Diese Galerie enthält 4 Fotos.
The first New Zealand solo exhibition in more than 25 years by internationally-acclaimed artist Cindy Sherman at City Gallery Wellington is on show until 19 March 2017.
New York-based Sherman is widely considered one of the most influential artists living today. Her practice has challenged and shaped the way we think about contemporary photography and her works confront stereotypes and cultural clichés, probing at society’s fascination with issues surrounding the representation of women and the cult of celebrity.
For over forty years, the New York-based artist has used herself as her own model in staged photographs, transforming her appearance through make-up, costumes, wigs, prostheses, and more recently, digital effects.
Her chameleon-like transformations offer a sustained, cutting and at times disturbing investigation of gender, social conditioning, narcissism and celebrity culture. Cindy Sherman is a major exhibition of Sherman’s photography since 2000, the moment where she returned to photographing herself after a decade of wilful absenteeism from her own work. Cindy Sherman features over 50 large-scale photographs created since 2000, and includes images from fashion house collaborations with Balenciaga 2007-2008, and Chanel 2010–2013 as well as the iconic ‘Head shots’ 2000-2002, ‘Clowns’ 2003–2004 and ‘Society portraits’ from 2008. The exhibition also includes her most recent series referencing old Hollywood glamour along with a large scale, site-specific mural.
City Gallery Wellington Curator Aaron Lister says, „Visitors will get a rich sense of everything Sherman has made since 2000. She works in discrete and bounded series – this exhibition samples generously from every series from the last 16 years. We see Sherman reappearing as a model or a character in her photographs, and also her embrace of digital photography to open new possibilities or worlds for these characters to inhabit.“
There will also be a related exhibition of Sherman’s found photographs, albums and scrapbooks. This collection of other people’s photographs—some of which were first shown at the 2013 Venice Biennale—demonstrates how she trawls the collective image bank of culture, and her fascination with how other people present themselves through photography.
Accompanying the exhibition there will also be a series of film screenings – many of which have been selected by Sherman – that have informed her practice, including her own film, Office Killer (1997).
City Gallery Wellington is the only New Zealand venue. Until 19 March 2017.
Photos: Courtesy of City Gallery Wellington.
Dave Goodin lives as an artist and sculptor on Stewart Island. He offers classes of Jade (New Zealand greenstone) carving. It is a journey into the 3D realm. „I like to show my students the third dimension which they experience when they carve a piece for themselves. It is a remaining jewel, some art from the south of New Zealand. And whenever you rub greenstone it comes alive in your hands.“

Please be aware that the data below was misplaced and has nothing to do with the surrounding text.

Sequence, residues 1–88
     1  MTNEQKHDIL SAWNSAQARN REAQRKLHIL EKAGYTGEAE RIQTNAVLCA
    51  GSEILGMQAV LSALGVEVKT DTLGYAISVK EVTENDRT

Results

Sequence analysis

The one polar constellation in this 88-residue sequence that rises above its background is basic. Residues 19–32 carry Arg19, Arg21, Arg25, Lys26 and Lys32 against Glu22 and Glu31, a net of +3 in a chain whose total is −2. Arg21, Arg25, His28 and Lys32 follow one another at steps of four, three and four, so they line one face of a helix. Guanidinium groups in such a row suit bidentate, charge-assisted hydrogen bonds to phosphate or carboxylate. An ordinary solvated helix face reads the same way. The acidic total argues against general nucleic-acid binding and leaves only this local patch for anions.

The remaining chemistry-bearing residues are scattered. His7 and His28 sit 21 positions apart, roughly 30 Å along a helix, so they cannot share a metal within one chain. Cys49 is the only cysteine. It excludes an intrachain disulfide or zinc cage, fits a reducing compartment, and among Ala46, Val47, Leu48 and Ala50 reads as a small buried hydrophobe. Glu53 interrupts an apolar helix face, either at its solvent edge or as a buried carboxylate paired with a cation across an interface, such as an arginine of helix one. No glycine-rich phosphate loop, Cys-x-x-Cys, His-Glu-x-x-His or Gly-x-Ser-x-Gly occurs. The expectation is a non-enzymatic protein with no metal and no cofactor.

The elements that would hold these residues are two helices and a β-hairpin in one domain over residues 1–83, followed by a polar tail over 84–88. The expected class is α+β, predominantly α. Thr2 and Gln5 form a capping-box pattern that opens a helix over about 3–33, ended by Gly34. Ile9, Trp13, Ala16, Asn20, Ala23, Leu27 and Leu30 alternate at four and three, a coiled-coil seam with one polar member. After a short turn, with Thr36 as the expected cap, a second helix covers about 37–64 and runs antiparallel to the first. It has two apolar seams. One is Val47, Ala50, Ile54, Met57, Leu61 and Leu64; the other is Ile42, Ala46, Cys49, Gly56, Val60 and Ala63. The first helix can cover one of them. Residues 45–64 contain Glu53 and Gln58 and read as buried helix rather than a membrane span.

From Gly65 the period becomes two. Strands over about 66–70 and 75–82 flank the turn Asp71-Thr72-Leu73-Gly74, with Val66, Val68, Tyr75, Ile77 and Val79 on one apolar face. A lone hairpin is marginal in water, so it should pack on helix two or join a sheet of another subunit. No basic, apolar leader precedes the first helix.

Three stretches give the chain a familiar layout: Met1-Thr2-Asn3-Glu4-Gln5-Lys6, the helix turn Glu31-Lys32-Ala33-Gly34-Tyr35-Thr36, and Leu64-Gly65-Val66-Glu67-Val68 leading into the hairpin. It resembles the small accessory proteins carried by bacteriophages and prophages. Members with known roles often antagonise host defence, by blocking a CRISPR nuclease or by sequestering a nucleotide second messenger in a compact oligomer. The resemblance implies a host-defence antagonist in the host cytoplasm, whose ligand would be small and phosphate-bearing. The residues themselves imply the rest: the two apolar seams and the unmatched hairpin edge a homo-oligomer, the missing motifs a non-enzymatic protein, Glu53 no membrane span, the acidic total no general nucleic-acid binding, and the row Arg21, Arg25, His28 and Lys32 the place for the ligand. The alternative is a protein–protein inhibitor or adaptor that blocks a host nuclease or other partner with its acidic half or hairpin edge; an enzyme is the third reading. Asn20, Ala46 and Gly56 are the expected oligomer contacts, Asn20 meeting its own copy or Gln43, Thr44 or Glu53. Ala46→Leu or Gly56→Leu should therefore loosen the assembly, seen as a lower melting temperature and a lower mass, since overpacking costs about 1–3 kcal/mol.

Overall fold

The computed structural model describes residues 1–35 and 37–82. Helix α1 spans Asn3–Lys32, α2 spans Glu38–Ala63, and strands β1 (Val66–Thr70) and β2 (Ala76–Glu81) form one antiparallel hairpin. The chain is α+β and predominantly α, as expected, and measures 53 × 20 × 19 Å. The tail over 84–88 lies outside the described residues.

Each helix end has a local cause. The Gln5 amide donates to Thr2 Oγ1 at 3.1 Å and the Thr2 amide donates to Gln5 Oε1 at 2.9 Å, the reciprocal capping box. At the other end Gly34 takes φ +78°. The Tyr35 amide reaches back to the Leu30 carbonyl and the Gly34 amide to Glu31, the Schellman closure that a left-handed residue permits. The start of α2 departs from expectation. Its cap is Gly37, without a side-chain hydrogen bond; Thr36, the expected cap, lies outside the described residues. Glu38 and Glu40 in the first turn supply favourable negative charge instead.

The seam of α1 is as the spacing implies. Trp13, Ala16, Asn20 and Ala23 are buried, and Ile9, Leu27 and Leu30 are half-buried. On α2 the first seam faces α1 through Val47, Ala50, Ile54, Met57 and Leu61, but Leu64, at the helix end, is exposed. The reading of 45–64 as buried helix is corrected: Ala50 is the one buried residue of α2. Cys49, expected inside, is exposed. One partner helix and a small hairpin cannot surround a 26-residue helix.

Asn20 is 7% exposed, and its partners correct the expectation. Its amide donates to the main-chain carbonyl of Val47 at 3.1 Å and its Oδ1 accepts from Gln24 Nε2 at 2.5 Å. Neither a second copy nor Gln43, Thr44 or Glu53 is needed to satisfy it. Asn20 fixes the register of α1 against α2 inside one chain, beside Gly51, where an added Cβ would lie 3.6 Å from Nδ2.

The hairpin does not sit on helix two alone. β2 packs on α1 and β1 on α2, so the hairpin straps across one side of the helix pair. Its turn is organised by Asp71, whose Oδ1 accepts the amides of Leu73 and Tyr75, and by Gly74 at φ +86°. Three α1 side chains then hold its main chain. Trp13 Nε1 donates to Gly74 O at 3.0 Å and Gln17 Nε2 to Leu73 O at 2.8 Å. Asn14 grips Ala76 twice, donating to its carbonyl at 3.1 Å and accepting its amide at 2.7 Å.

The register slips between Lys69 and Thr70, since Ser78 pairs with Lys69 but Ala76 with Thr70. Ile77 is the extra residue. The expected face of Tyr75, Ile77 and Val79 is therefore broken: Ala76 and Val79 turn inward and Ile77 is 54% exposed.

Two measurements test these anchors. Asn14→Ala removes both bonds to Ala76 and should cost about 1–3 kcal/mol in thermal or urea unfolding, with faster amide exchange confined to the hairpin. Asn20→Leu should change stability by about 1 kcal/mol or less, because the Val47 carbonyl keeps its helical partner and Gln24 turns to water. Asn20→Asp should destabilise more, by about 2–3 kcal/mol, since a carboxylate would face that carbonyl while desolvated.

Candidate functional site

Talking with Dave about his life: „As a young man I was logging trees in New Zealands North Island until a falling tree injured me. I could not work anymore. As soon as I recovered from the accident I wanted to change my life. All the time I was interested in Maori art and I began to study it at a community college at Hawke’s Bay. This was back in the mid 1980s. In my second year of college I taught children lessons in Maori art. In the meantime I developed my own style, my own pieces of art. At that time I used cow bones.
For the next 4 years I lived in London where I had my first exhibition in 1997 with my pieces of carved stones and bones. As a bread job I worked as a porter in a hospital. In 1999 I lived for a while in China as an English teacher. Still I continued my art. I liked living in China, the country and its culture impressed me.
Back in New Zealand in 2002 I got a job with Sir Peter Jackson, producer of the Lord of the Rings movies. As a sculptor I worked on the movie setting. I entered a magical world. In total I worked for him for 4 years.
Also I participated at the production of the movie King Kong. I was responsible for everything in the movie which looked green: plants, trees, landscapes. The next film production was The legend of Zorro, with second-unit photography in Wellington.
In 2014 I came to Stewart Island to visit a college friend. I felt in love with the place and I never left. Why? Because of its amazing environment, the few people here, no pollution and because of the weather which always is a surprise.
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Distant peaks glow in the low evening light. A new sunrise is masked by a turbulent sky, deep purple crashes against angry blue, water pours from the heavens, the land hidden by the silvery veil.
A dramatic landscape, delicate and fragile, harsh and unforgiving and timeless. And the history written in the hills, whispered by the rustling leaves, shouted by the roaring wind? These remote and seldom visited waters have much to tell and many secrets safely locked away.
Ginney Deavoll at Southland Museum Invercargill.
I am in a destroyed city. Destroyed by 3 earthquakes in 2010, 2011 and 2016. There are lots of ruins, lots of wounds between houses. They are now filled with art and the brains of artists. The shops are not there anymore, but instead there are containers. Really fancy containers.
I feel almost in Utopia. The people decided to fight, for their lives, for their futures, for their well beings. I am in New Zealand, almost at the end of the world. In Christchurch. And I am too astonished to talk about this. It takes my breath away. I brought to you some pictures. Look at them and then you will understand what I mean. And I am in love with that city …
Photo: Enric Boixadós